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News and Events

Spring Session (Core/MongoDB/Geode) 2.0.0.RC2 released!

Greetings Spring community,

In preparation for the soon-to-be GA release, Spring Session, Spring Session MongoDB, and Spring Session for Apache Geode and Pivotal GemFire have all aligned to versions 2.0.0.RC2 for this release.

In case you missed it, this is what’s included with each of the modules:

  • Core - includes support for Redis, JDBC, and Hazelcast

  • MongoDB - both traditional blocking as well as reactive support for MongoDB

  • Apache Geode - support for Apache Geode as well as Pivotal GemFire (including the PCC service with the SSC extension on PCF)


Spring Cloud Data Flow for Cloud Foundry 1.3.0.M3 released

We are pleased to announce the 1.3.0.M3 release of the Spring Cloud Data Flow for Cloud Foundry.

The Getting Started Guide is the best place to start kicking the tires.

Release Highlights

Stream updates, a JavaDSL, and the complete port of the UI to the Angular 4.0 stack are some of the main highlights. More information on release highlights can be found in the release blog for the core Data Flow project.

Of note for the Cloud Foundry server is an upgrade to v2.23.0 of the cf-java client library and setting the default health check to be http instead of port. You can now also specify the health check endpoint URL and timeout values as deployment properties.


Spring for Apache Kafka 2.1.0.RELEASE (and 1.3.2, 2.0.2) Available

I am pleased to announce the availability of Spring for Apache Kafka 2.1.0.RELEASE.

In addition, maintenance releases 1.3.2.RELEASE and 2.0.2.RELEASE are available, containing important bug fixes. See also below for information about spring-integration-kafka 3.0.0.RELEASE. It is recommended that all users upgrade.

The main purpose of the 2.1 release is to upgrade the kafka-clients library to 1.0.0, but we have included a few improvements:

  • Sometimes, when a message can’t be processed, you may wish to stop the container so the condition can be corrected and the message re-delivered. The framework now provides the ContainerStoppingErrorHandler for record listeners and ContainerStoppingBatchErrorHandler for batch listeners.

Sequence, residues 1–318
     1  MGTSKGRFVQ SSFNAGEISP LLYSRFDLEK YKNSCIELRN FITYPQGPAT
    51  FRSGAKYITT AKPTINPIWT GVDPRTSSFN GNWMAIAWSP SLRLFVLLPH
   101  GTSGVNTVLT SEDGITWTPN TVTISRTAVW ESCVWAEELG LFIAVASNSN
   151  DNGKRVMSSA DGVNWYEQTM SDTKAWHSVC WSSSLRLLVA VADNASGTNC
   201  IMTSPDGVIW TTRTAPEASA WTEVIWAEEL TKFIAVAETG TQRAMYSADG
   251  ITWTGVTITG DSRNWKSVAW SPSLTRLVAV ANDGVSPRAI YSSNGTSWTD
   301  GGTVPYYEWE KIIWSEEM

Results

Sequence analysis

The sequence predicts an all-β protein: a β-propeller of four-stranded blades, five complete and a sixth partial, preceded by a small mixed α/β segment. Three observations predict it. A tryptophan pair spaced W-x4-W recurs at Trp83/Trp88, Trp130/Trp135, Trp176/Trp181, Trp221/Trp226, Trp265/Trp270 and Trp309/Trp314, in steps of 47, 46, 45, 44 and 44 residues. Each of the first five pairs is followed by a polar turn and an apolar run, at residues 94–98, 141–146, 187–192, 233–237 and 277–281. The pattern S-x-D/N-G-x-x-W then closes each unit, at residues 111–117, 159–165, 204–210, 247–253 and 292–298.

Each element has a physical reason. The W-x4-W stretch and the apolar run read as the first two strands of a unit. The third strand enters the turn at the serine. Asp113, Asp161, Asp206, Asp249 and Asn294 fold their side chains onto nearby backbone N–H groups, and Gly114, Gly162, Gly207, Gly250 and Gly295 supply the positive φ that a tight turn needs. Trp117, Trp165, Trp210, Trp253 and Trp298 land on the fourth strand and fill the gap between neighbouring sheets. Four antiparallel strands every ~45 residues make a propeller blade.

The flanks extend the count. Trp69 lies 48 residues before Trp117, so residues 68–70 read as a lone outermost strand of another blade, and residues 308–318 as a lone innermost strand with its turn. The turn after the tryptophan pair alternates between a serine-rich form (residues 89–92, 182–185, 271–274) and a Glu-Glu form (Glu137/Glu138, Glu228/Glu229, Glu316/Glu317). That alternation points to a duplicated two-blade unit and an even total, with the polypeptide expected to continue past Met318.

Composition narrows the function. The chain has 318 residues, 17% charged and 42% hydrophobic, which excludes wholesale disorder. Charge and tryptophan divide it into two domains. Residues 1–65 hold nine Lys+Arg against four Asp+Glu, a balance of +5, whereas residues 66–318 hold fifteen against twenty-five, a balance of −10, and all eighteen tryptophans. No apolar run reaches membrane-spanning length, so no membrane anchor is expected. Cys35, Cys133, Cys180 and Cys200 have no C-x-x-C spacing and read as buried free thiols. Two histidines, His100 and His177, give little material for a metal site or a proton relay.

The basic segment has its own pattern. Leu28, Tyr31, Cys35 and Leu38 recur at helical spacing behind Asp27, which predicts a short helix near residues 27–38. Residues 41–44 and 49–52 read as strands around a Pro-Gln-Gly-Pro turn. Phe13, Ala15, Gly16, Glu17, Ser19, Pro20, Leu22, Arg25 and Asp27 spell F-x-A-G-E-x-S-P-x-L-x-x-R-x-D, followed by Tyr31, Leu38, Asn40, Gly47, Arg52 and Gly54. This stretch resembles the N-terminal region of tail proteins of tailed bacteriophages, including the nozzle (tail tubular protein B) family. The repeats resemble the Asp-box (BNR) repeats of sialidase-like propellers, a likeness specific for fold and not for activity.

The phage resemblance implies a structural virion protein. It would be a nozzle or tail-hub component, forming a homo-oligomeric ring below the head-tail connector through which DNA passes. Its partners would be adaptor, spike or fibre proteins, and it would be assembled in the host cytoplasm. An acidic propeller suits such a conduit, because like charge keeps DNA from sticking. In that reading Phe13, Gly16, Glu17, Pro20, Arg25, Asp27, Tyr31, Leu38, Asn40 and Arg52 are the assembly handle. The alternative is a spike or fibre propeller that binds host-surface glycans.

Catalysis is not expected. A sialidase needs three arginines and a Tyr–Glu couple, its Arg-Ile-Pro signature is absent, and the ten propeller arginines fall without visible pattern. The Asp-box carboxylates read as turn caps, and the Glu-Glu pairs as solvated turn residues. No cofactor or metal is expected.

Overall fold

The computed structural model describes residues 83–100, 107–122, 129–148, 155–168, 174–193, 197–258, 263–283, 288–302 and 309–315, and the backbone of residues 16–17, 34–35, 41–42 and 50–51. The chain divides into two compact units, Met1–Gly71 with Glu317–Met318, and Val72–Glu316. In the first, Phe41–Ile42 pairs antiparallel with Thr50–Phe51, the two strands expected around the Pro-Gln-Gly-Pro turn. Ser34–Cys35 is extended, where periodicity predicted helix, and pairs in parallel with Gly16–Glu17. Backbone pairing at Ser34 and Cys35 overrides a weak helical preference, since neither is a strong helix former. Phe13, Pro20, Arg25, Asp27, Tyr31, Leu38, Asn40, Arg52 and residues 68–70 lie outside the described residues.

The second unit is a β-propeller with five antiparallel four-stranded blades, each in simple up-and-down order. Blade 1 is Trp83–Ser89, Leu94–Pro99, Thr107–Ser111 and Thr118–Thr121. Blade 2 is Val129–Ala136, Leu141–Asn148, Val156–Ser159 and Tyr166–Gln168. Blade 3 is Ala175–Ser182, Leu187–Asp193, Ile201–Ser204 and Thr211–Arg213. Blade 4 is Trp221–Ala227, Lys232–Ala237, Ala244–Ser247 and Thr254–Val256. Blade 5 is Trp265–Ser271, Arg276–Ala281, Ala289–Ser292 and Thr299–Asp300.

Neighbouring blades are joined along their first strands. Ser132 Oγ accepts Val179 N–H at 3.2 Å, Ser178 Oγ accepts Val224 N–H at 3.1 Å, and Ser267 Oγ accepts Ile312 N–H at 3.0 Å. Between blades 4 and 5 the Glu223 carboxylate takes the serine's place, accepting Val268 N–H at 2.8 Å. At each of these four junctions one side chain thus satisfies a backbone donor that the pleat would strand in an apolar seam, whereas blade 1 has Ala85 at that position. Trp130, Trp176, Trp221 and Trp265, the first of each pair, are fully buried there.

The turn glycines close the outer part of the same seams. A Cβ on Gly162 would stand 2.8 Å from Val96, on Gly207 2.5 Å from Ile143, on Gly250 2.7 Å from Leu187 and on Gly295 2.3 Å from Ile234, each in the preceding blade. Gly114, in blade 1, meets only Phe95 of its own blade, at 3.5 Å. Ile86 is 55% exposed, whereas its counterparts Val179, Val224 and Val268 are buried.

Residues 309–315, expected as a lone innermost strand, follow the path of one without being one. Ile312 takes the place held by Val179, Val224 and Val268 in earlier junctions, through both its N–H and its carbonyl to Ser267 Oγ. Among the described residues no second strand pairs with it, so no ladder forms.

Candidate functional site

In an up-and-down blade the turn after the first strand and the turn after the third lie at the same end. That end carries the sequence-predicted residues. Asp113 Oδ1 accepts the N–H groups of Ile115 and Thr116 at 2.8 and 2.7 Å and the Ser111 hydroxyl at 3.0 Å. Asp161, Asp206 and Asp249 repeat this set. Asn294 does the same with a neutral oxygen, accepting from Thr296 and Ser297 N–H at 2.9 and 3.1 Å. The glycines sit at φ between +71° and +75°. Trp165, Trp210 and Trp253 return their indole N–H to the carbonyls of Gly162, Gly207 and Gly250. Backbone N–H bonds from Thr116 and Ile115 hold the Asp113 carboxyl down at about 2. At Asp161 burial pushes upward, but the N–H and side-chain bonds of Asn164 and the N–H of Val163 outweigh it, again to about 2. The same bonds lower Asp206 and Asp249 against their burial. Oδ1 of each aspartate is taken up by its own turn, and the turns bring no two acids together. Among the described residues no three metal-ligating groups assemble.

• The KafkaAdmin now supports increasing partitions when a NewTopic bean is detected with a larger number of partitions than currently exist on the topic.

  • StringJsonMessageConverter and JsonSerializer/JsonDeserializer now pass and consume type information in Headers. This allows multiple types to be easily sent/received on the same topic:


Spring Boot 2.0.0 M7 available now

On behalf of the team, it is my pleasure to announce that Spring Boot 2.0.0.M7 has been released and is now available from our milestone repository. This release closes 165 issues and pull requests and continues our progress towards 2.0 GA. Thanks to everyone that has contributed!

This release refines a number of items from previous milestones, and provides a number of notable new features:

  • Condition evaluation report deltas on Devtools triggered restart
  • A new scheduled tasks actuator endpoint
  • Support for Duration types in configuration properties (e.g. 5ms, 1s, 10m)
  • Reactive Couchbase support

Spring IO Platform Brussels-SR6

I am pleased to announce that Spring IO Platform Brussels-SR6 is now available from both and Maven Central.

This maintenance release upgrades the versions of a number of the projects in the Platform:

  • AspectJ 1.8.13
  • Spring Boot 1.5.9
  • Spring Cloud Connectors 1.2.5
  • Spring Data Ingalls-SR9
  • Spring Framework 4.3.13
  • Spring Kafka 1.1.7
  • Spring LDAP 2.3.2
  • Spring Web Services 2.4.2

The versions of a number of third-party dependencies have also been updated.

Project Page | GitHub | Issues | Documentation


Spring Cloud Data Flow 1.3.0.M3 released

We are pleased to announce the 1.3.0.M3 release of the Spring Cloud Data Flow and its associated ecosystem of projects.

Local Server: Getting Started Guide

Release Highlights

Stream updates and rollback